Ah…free. Those words are some of the best words when you are looking for somewhere to camp. New Zealand has an amazing tradition of freedom camping, allowing people to find a beautiful location and stay the night.
In recent years it has become slightly more regulated since, with a rise in popularity, issues were starting to arise in popular locations due to the number of campers and potential cleanliness.
Rules for Freedom Camping
- Campers and Caravans must be certified as self-contained or park in areas designated as free for non-self contained units (defying this will result in a $200 fine!)
- Campers must park in designated self-contained areas. If in doubt, as locals or check with the regional council.
- Most locations limit stays to 2-3 nights in a 30 day period.
- Pack in, pack out! Please don’t leave a mess as this will limit the possibility of freedom camping in the future.
Camping in Warrington
Warrington, NZ, is a small community located about 30 minutes north of Dunedin. Perfect for a weekend escape, there is a nice surf beach and day-use facilities, as well as a large field, dump station, drinking water, and outhouses available for both self contained and non-self contained campers.
You can rock up on your bike, pitch your tent, and have a free night! Or in your campervan or caravan as well. All are welcome at the domain.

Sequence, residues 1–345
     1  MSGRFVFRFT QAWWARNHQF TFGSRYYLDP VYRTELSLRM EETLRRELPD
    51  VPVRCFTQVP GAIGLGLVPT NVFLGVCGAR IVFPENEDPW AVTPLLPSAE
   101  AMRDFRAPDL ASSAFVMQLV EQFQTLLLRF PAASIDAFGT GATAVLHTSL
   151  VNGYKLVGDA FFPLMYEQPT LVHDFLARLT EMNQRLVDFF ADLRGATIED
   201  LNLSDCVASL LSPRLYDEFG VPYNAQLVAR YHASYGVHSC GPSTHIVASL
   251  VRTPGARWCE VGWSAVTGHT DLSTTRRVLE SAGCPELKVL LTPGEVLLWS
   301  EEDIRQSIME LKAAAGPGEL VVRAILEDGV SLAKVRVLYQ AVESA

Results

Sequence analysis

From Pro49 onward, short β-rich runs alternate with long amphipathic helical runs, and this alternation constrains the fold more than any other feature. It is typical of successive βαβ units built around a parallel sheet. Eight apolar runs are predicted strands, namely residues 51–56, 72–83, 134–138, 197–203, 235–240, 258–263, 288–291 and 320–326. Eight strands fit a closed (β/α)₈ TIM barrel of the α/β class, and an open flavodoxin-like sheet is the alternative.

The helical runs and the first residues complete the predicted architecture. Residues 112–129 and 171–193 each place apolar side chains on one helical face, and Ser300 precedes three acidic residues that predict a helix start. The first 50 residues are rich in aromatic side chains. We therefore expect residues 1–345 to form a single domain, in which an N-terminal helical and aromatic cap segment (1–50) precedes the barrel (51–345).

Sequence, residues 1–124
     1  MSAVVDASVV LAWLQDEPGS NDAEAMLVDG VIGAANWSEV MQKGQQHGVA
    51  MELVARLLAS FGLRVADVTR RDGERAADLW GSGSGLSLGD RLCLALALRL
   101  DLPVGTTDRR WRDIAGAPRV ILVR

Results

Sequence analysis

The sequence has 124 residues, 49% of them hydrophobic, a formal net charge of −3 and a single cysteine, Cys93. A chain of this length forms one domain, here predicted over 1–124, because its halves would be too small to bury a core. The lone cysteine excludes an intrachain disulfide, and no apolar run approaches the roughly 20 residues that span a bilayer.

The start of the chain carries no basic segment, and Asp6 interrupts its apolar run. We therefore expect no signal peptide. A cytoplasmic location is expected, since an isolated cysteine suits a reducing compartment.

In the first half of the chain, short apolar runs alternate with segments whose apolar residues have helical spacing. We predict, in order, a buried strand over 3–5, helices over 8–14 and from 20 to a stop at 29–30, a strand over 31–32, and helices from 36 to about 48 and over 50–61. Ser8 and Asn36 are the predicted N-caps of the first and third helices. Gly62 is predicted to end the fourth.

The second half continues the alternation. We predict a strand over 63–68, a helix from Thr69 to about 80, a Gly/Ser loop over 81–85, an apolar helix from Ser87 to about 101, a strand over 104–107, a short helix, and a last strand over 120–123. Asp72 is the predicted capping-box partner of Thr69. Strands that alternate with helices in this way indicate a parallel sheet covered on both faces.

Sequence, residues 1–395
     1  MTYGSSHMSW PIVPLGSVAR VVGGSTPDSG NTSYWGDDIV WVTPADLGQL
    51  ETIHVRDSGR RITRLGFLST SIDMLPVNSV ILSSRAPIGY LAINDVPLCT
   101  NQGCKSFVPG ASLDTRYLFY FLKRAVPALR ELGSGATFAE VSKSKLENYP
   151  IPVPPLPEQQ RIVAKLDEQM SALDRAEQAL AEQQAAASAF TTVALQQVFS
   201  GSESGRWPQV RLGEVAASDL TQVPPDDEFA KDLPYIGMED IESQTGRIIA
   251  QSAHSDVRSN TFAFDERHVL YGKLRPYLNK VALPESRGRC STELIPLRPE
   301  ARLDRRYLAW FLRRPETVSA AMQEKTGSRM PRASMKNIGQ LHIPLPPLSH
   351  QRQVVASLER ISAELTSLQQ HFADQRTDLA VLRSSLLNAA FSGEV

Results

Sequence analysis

It was a lot nicer than Andrew and I expected. We had visited Ocean Grove, the other free camp near Dunedin, since it seemed to be closer to town.
The camping area can get crowded, so it is best to arrive early. In summer (December-February) you would probably need to arrive before 2pm to get a decent spot, whereas in the off seasons there are still spots available around 5pm. Andrew and I noticed that cars coming in after 7pm had a slightly more difficult time finding space to park, but there were still a few spaces left when we went to bed. Parking is open, first-come, first-serve, but try to make sure you leave some space between your unit and the ones next to you.
The beach itself is fantastic. The ocean is starting to get a bit chilly for surfing without full wetsuits (around 10C in March), but on a good day Warrington is a pretty good surf beach. It is also great for shell collecting and relaxing in the sun with bright blue water, local birdlife, and soft white sand.
Nearby there is also a small inlet that opens up onto a broad bay that is teeming with native birdlife. During breeding season (January-ish) it is also relatively common to see seals and sea lions on the beach. Keep pets on leash and away from wildlife at all times.
We did take our kittens down to the ocean. They were fine in the tall grass leading up to the ocean but were quite uncertain about the big open space that the beach presented. We eventually coaxed them out and Tauriel promptly decided that the ocean waves required attacking. We dried our kitty back at the campsite, saved a lab from Eowyn (who thinks she can take on dogs, apparently), and made our dinner.
Andrew and I then settled down to an evening of board games and chatting with the other campers in the domain.
Camping in Warrington turned out to be a much better experience than we expected and one that we are certainly planning to repeat on nice weekends! I wish we had discovered it before summer was nearly over!